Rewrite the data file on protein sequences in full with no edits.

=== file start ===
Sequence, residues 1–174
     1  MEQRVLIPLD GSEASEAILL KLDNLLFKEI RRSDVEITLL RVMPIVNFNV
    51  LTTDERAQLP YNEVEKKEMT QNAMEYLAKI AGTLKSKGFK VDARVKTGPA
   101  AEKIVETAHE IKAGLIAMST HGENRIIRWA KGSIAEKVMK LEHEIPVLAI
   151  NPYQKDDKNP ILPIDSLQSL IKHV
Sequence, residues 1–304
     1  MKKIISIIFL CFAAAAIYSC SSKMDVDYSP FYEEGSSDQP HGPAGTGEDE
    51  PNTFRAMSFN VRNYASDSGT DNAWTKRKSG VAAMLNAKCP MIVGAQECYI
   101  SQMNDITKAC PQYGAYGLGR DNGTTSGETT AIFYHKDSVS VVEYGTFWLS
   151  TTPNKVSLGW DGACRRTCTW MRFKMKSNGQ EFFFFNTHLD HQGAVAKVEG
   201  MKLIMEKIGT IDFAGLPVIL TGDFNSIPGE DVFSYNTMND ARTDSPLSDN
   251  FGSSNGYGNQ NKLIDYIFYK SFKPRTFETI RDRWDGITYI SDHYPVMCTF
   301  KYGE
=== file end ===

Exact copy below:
Sequence, residues 1–174
     1  MEQRVLIPLD GSEASEAILL KLDNLLFKEI RRSDVEITLL RVMPIVNFNV
    51  LTTDERAQLP YNEVEKKEMT QNAMEYLAKI AGTLKSKGFK VDARVKTGPA
   101  AEKIVETAHE IKAGLIAMST HGENRIIRWA KGSIAEKVMK LEHEIPVLAI
   151  NPYQKDDKNP ILPIDSLQSL IKHV
Sequence, residues 1–304
     1  MKKIISIIFL CFAAAAIYSC SSKMDVDYSP FYEEGSSDQP HGPAGTGEDE
    51  PNTFRAMSFN VRNYASDSGT DNAWTKRKSG VAAMLNAKCP MIVGAQECYI
   101  SQMNDITKAC PQYGAYGLGR DNGTTSGETT AIFYHKDSVS VVEYGTFWLS
   151  TTPNKVSLGW DGACRRTCTW MRFKMKSNGQ EFFFFNTHLD HQGAVAKVEG
   201  MKLIMEKIGT IDFAGLPVIL TGDFNSIPGE DVFSYNTMND ARTDSPLSDN
   251  FGSSNGYGNQ NKLIDYIFYK SFKPRTFETI RDRWDGITYI SDHYPVMCTF
   301  KYGE